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Portal of Evil: Stolen Runes Review


Hidden object games are a weird little subgenre. We get bucketloads of them, one a month, but they’re almost entirely monopolised by a single company: Artifex Mundi. And while other genres will evolve and diversify – see how RPGs have changed over the years – hidden object games retreat into themselves and get increasingly repetitive with each release. More refined, sure, but repetitive. Still, the hidden object audience laps it up, enjoying the familiarity, getting the same joys as ordering tikka masala every time they go to a curry house.

Portals of Evil: Stolen Runes

The closest genre that comes to mind is the sports genre, and it’s easy to cast Artifex as the EA and FIFA of hidden objects. Every release delivers marginal differences, but that’s no more than its audience demands. So, to extend the comparison, if Artifex are FIFA, then Portal of Evil: Stolen Runes is the Pro Evolution Soccer of hidden objecting. It may not be from EA, but it’s clearly competing with, and borrowing from, its opponent.

Portal of Evil: Stolen Runes is not an Artifex Mundi game, but it looks incredibly similar to one. Squint and it’s all there: a female protagonist looking to solve an occulty mystery, bumping into wonkily animated characters on her way through rooms that have never been touched by a dustpan and brush. Find gems and cogs in the trash, build up an inventory of junk that could be its own hidden object scene, and solve intricate puzzles. Even the details are there: you can get hints for each puzzle, but you’ll have to sacrifice an achievement or two if you do. Collectibles scatter the environment, and there’s a bonus episode that acts as a prologue.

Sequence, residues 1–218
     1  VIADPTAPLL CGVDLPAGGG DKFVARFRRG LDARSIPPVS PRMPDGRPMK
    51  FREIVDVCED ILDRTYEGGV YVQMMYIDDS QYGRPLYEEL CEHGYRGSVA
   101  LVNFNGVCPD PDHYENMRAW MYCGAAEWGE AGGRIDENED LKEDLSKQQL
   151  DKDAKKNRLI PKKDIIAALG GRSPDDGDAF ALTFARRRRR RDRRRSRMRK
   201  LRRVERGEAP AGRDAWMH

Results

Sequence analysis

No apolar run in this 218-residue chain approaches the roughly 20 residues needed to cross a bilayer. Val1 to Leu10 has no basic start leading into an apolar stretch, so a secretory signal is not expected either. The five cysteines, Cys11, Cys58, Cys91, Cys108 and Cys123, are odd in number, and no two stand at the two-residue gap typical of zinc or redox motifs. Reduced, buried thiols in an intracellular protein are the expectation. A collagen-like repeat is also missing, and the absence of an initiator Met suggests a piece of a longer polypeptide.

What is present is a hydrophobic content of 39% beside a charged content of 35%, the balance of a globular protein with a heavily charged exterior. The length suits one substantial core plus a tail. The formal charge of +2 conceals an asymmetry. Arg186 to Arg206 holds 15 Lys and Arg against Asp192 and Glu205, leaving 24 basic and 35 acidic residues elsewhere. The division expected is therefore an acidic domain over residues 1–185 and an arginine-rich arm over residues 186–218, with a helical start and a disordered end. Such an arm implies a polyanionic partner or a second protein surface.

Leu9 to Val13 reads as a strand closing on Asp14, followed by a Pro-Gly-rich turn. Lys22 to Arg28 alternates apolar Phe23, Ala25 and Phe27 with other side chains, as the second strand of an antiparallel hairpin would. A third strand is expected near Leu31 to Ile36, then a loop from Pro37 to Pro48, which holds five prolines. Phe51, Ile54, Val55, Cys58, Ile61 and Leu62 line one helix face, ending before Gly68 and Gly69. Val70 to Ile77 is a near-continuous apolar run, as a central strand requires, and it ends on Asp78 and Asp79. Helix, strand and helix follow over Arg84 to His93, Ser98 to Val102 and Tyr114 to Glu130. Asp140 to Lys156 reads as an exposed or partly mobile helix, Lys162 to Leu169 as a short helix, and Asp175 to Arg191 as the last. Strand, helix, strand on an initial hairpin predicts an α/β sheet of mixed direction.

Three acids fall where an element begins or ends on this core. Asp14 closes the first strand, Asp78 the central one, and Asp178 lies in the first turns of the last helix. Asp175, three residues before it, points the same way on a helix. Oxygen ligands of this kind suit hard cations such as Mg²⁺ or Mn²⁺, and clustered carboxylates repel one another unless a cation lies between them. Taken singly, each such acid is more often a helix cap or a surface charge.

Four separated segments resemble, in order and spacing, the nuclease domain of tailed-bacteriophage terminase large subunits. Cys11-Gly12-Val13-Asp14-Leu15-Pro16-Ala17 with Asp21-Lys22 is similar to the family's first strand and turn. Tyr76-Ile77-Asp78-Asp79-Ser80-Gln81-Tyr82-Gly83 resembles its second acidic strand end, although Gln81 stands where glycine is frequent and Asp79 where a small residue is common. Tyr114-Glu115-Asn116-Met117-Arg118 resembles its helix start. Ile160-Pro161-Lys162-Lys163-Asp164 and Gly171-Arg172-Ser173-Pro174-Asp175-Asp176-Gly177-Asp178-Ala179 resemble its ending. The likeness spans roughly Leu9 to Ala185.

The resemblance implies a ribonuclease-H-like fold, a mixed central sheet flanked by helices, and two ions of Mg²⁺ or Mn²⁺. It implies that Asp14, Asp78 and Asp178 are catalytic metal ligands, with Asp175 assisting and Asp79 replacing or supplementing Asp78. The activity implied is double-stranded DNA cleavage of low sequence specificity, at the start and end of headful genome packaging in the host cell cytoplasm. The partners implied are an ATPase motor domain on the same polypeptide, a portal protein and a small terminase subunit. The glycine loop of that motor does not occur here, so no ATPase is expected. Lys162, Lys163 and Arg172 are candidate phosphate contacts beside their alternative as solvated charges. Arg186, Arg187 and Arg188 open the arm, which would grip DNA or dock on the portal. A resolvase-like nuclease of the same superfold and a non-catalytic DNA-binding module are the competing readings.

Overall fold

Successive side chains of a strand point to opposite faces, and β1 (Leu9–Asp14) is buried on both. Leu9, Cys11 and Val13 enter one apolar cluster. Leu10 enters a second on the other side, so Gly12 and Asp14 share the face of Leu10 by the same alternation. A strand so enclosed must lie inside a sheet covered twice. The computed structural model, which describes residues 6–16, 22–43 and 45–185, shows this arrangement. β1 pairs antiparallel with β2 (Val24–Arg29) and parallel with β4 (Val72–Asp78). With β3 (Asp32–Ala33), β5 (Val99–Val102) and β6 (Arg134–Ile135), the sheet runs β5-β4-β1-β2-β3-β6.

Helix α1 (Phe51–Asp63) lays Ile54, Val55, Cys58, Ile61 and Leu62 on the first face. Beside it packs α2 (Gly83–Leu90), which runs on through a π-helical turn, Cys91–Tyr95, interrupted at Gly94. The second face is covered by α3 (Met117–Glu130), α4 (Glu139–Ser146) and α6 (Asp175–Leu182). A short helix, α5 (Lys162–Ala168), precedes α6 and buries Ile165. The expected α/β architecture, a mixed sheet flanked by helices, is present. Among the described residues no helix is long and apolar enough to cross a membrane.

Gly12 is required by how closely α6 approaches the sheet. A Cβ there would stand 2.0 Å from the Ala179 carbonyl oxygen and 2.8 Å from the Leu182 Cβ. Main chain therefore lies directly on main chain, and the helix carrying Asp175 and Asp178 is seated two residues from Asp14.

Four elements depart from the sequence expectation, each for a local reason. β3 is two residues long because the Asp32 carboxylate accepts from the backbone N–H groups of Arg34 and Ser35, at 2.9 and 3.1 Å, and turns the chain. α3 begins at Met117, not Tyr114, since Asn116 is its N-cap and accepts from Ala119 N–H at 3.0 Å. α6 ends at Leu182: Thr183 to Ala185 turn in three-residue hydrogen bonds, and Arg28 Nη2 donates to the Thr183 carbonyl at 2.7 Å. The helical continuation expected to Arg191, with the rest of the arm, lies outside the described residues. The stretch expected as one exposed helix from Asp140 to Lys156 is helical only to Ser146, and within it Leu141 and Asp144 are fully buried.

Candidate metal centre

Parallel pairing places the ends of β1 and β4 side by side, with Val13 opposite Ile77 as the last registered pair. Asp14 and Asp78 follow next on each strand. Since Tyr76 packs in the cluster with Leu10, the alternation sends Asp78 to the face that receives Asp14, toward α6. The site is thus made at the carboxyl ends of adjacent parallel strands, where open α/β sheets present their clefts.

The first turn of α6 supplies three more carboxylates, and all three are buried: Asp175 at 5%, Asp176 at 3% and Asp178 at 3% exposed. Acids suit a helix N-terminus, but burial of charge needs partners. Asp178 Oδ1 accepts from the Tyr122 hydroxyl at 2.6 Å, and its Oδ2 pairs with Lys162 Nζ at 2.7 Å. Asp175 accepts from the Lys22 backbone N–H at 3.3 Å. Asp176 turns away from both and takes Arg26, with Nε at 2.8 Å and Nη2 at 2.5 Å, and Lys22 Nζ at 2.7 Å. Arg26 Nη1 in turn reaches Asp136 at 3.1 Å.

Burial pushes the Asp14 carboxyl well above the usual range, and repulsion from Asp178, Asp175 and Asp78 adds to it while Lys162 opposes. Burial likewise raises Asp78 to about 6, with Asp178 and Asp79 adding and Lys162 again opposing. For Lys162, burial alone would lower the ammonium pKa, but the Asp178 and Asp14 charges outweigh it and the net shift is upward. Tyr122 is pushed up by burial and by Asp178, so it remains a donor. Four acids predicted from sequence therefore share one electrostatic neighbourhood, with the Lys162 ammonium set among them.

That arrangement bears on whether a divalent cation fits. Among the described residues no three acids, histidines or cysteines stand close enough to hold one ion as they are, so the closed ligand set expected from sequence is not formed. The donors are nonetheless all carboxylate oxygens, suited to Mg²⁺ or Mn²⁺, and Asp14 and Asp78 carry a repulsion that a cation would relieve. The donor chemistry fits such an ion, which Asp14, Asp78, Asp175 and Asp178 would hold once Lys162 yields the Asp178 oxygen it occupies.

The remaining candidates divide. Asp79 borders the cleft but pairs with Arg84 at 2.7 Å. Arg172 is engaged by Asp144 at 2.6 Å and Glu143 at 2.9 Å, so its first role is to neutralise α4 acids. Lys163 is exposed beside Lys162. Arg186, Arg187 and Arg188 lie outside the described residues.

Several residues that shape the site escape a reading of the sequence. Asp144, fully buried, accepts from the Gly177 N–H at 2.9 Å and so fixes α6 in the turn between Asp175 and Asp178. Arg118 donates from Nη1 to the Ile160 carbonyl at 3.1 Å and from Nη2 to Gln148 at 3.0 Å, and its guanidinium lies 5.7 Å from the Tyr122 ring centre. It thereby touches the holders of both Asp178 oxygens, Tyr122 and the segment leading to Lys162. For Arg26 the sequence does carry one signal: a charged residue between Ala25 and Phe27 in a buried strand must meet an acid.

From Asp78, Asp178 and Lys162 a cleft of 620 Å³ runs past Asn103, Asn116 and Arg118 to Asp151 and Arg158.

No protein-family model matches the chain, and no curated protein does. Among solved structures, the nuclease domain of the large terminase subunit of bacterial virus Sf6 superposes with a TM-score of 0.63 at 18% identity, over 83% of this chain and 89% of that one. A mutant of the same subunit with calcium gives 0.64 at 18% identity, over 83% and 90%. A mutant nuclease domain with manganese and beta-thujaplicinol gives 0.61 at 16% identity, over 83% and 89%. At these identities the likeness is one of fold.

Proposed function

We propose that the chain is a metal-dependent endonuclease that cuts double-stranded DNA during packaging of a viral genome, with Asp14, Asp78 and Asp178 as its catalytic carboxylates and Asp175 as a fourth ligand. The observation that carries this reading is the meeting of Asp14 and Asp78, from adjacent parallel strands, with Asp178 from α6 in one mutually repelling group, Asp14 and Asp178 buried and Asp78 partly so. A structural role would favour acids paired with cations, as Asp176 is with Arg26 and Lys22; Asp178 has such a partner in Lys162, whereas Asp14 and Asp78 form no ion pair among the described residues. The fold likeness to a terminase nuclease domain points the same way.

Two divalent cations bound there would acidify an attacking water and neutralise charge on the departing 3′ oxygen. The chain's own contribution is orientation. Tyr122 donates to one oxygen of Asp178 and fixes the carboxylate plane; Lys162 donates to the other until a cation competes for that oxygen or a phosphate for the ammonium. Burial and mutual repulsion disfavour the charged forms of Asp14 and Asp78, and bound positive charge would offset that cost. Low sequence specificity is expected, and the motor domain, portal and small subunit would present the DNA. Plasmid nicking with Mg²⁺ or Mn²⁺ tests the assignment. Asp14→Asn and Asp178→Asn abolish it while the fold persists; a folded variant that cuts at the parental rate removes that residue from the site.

Stop squinting, though, and you see some differences. Portal of Evil: Stolen Runes is an ugly cousin to Artifex Mundi games, and it’s got a lot of rough edges to its gameplay. Artifex Mundi have refined these things over the years, but Portal of Evil can’t keep up, and it looks musty in comparison. To make up for it, Portal of Evil is eager to offer more value for money, a greater sense of challenge, and an increment more charm. Reading that paragraph back, perhaps the Pro Evo comparison isn’t that far off!

Portal of Evil: Stolen Runes Review

Let’s work through those comparisons. Portal of Evil: Stolen Runes is not an attractive game. It’s getting on for six-years old now, and even has a sequel on PC, and – woo! – can you see it on the screen. The scenes are okay, but could have benefited from a dash of colour, with the opening hour in particular feeling like you’re wading through a Dan Brown movie: all washed out browns, Catholic imagery and paintings with hidden symbols. It’s a notch in quality below an Artifex, but still not bad. Where Portal of Evil falls down, though, is in its determination to be cinematic: more often than in an Artifex, you’ll cut to your character, who’s looking like she’s just learning how to walk and interact with the world, with robotic, unnatural dialogue tumbling out of her mouth. It must be what it’s like to be Mark Zuckerberg.